Graves’ disease is the most common cause of hyperthyroidism. It’s an autoimmune disorder that develops when antibodies called thyroid-stimulating immunoglobulin (TSI) attach to thyroid cells and stimulate them to produce too much thyroid hormone. Hyperthyroidism can also be caused by benign (non-cancerous) thyroid tumors, consuming too much iodine (in either food or supplements), or by taking too much thyroid hormone medication.

Thyroid conditions are treatable

While thyroid conditions are normally life-long, medical treatments and certain lifestyle changes can help you manage the symptoms so that they don’t develop into something more serious.

If you have hypothyroidism, your healthcare provider (HCP) will likely recommend medication to replace your low thyroid hormones, such as levothyroxine. It’s the same as one of the hormones that your thyroid makes, and taking it as a capsule or liquid will help ensure that you have enough energy to fuel your body’s important functions. Your HCP should test your thyroid levels regularly to see if tweaks need to be made to your dose. 

If you have hyperthyroidism on the other hand, your HCP may try a wider variety of treatment options. Medications like beta-blockers can alleviate symptoms and antithyroid drugs can help stop your thyroid from overproducing certain hormones. Less often, HCPs suggest surgery to remove part of your thyroid so that your levels can return to normal.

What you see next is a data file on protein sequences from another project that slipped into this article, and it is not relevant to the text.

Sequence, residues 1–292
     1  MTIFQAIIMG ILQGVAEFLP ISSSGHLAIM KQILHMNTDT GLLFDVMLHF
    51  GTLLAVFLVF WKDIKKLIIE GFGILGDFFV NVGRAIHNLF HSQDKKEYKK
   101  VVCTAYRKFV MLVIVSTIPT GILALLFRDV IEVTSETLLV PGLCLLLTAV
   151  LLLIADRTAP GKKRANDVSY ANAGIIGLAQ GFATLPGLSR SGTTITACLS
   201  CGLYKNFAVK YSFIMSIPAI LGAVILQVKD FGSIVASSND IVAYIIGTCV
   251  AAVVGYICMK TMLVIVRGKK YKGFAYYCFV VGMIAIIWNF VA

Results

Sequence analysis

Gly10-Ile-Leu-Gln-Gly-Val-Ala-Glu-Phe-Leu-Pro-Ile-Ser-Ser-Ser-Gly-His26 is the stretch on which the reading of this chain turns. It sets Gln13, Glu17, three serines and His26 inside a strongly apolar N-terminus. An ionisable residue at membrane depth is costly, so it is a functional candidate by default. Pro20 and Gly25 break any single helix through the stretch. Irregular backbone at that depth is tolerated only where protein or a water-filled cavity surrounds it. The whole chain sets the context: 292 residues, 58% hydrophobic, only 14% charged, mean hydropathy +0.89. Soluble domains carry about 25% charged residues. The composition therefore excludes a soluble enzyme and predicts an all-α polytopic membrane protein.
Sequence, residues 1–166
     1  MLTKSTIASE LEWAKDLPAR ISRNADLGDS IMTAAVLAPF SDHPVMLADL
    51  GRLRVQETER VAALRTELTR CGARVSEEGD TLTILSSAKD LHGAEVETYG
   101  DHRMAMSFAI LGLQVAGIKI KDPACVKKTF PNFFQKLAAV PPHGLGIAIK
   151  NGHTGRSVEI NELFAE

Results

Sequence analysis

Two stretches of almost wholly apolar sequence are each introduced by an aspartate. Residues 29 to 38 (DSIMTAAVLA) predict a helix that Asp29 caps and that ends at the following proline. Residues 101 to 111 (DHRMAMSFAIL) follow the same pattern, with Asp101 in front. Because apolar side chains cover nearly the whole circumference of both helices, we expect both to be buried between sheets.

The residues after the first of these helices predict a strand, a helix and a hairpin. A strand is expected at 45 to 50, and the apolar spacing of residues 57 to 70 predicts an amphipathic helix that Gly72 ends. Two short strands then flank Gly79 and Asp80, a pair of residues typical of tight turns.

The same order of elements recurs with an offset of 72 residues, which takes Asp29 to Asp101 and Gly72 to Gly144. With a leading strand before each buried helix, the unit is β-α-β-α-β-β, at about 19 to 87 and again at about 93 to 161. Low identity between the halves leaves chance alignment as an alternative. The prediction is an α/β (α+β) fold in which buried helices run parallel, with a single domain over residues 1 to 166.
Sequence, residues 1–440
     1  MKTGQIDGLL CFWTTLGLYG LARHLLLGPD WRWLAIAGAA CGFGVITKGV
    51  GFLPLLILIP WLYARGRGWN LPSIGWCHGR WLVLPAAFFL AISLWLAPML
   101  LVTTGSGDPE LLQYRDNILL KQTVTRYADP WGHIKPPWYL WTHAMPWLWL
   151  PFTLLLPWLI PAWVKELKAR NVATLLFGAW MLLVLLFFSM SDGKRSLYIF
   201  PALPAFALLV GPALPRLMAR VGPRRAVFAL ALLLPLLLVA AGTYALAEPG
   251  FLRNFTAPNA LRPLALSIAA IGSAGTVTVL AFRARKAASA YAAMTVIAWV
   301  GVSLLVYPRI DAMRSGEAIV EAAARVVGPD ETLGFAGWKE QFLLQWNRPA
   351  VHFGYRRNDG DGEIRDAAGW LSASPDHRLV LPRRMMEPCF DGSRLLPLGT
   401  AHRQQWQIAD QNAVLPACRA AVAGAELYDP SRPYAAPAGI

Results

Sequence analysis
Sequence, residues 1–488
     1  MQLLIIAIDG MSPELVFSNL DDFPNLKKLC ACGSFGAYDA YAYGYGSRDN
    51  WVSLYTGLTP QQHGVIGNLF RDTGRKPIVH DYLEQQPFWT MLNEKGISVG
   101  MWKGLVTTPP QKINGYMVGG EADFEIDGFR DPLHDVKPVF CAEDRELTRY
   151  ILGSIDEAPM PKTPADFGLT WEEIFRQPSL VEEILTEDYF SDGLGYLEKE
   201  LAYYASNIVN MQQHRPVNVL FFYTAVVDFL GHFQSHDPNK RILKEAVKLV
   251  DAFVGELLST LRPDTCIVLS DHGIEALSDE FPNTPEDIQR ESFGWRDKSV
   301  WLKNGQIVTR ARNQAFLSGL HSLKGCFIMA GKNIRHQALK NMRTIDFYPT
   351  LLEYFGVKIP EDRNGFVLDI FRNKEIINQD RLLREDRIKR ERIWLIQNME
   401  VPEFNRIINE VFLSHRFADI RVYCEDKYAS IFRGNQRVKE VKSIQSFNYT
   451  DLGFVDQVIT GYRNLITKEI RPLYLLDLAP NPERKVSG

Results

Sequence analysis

In both cases, it may be helpful to speak to a registered dietician or nutritionist to help you monitor your iodine intake. Iodine from food and supplements can make thyroid symptoms worse in some people. 

See your provider if you have symptoms

Who doesn’t feel fatigued or irritable at times, or suffer from a bout of constipation or diarrhea? This is where diagnosis can become tricky. “All these symptoms can be so many different things,” says Afsh. “People don't even think of the thyroid as a potential cause.” When you do experience symptoms, “see your doctor right away,” says Afsh. “You should always be reminding your physician to check your thyroid.”

This is especially true if you’re pregnant or trying to conceive. Too little or too much thyroid hormone can cause complications that put your health and the health of your baby at risk. 

Even if you’re not sure that your symptoms point to a thyroid problem, speak to your HCP and get tested. A simple blood test can help you get the relief you need.

Article sources open article sources

National Institute of Diabetes and Digestive and Kidney Disorders. Hypothyroidism (Underactive Thyroid). Page last reviewed March 2021.
National Institute of Diabetes and Digestive and Kidney Disorders. Hyperthyroidism (Overactive Thyroid). Page last reviewed August 2021.
Weill Cornell Medicine. Understanding Thyroid Problems & Disease. January 25, 2022.
National Institute of Diabetes and Digestive and Kidney Disorders. Hashimoto’s Disease. Page last reviewed June 2021.
National Institute of Diabetes and Digestive and Kidney Disorders. Graves’ Disease. Page last reviewed November 2021.
National Institute of Diabetes and Digestive and Kidney Disorders. Thyroid Disease & Pregnancy. Page last reviewed December 2017.